6 Life Tips We Blatantly Stole from Self-Help Books
Self-help books are divisive—people tend to either love them or ignore them. We used to fall in the latter category until we discovered that some actually have really helpful tips that are easy to incorporate into our day to day. Here, tips from six of our favorite books.
Do You Need to Get More Done?
Read: 7 Habits of Highly Effective People by Stephen R. Covey
And Learn: You are in complete control of your own life, and you’re in charge of the priorities you set. Focus your time equally on urgent tasks (like attending to your crying baby) and important tasks that aren’t necessarily urgent (like going to the gym) to get the most done, both in the short and long term.
Do you Need to Get Better at Networking?
Read: How to Win Friends and Influence People by Dale Carnegie
And Learn: When you’re talking to someone, say the person’s name several times throughout the conversation and really listen. You'll make her feel important and appreciated, which is half the battle.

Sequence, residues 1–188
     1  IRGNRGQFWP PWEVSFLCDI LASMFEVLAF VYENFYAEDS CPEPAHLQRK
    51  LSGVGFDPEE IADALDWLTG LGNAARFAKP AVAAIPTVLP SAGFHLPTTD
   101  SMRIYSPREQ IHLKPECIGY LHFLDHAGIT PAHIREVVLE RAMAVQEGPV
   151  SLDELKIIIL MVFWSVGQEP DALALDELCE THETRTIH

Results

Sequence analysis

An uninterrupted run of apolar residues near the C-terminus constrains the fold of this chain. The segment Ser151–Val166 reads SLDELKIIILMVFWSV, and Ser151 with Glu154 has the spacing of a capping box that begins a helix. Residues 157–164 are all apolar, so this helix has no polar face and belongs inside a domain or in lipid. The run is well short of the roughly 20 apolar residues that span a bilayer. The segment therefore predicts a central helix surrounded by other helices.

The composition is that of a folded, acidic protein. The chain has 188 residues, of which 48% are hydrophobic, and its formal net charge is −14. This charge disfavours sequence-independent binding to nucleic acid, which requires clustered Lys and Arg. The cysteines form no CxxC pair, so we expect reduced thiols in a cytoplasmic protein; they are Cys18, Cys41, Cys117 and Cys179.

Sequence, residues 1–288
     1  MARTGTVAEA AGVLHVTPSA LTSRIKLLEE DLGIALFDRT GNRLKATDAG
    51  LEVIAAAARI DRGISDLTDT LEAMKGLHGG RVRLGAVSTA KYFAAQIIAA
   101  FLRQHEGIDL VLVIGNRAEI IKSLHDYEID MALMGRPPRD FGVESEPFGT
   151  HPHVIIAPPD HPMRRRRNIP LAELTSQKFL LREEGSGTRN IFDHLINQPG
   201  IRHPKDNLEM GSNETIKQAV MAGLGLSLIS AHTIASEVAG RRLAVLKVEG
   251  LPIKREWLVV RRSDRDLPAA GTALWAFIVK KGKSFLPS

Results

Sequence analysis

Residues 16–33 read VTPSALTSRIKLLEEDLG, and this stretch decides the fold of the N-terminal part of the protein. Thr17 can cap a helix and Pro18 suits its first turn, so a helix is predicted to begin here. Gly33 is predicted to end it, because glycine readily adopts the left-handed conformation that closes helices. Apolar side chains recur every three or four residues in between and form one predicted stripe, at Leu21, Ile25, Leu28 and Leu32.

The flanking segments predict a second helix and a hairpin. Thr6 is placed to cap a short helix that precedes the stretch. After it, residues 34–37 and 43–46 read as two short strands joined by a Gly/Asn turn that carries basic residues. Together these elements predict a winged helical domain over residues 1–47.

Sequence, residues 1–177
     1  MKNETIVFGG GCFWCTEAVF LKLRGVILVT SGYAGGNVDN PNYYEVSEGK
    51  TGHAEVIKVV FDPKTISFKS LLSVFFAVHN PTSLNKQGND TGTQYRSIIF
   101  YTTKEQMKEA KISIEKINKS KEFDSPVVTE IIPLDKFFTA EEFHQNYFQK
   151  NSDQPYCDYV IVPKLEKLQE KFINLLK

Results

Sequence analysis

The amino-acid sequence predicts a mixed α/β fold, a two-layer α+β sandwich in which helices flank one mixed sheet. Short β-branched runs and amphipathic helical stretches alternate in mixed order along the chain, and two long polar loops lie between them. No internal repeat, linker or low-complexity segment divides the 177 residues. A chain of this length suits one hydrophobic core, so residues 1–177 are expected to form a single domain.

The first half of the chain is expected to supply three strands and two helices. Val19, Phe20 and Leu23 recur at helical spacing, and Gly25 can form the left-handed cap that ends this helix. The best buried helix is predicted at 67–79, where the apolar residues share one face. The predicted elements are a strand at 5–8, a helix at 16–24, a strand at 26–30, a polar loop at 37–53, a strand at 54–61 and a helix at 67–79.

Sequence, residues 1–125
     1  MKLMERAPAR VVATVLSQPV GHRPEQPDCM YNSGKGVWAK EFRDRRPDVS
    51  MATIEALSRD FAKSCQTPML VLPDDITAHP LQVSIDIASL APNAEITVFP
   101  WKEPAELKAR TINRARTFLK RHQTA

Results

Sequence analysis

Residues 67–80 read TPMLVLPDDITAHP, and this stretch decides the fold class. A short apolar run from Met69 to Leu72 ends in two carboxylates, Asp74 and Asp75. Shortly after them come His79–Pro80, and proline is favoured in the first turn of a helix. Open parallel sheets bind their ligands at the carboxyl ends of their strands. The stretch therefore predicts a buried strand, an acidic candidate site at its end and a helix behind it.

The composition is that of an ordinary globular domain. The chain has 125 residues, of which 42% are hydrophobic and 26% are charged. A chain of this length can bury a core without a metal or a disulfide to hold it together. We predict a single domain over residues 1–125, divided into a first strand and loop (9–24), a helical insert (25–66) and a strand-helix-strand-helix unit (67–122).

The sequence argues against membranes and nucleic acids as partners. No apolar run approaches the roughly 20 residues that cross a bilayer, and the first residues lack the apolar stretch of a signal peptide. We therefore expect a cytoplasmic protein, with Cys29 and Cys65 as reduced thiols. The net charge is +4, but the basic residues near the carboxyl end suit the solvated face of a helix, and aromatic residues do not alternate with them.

Do You Always Think Ten Steps Ahead?
Read: The Power of Now by Eckhart Tolle
And Learn: Worrying about the future is pointless, people—once you're in the moment, you'll know exactly what to do. Living in the present and staying focused on the “now” is the key to inner peace.
Do You Hold Onto Every Bad Thing That Happens?
Read: The Untethered Soul by Michael A. Singer
And Learn: Your new mantra is "Everything will be OK when you learn to be OK with everything." Surrender your need to control life and you'll feel more centered and less stressed.
Do You Usually Scoff at Self-Help Books?
Read: The Antidote: Happiness for People Who Can’t Stand Positive Thinking by Oliver Burkeman
And Learn: Closure is overrated. Instead of working out a solution to every one of your problems, get comfortable with leaving things open and unresolved. Learn to embrace imperfections and don't kill yourself trying to tie up every issue with a neat bow.
Do You Let Every Little Thing Get to You?
Read: Don’t Sweat the Small Stuff…and It’s All Small Stuff by Richard Carlson
And Learn: Instead of getting angry or annoyed at an irritating person, think of your interaction with them as a lesson. Every person you meet should teach you something (whether or not they know it). View unpleasant interactions as teachable moments and turn bad experiences into your own personal growth.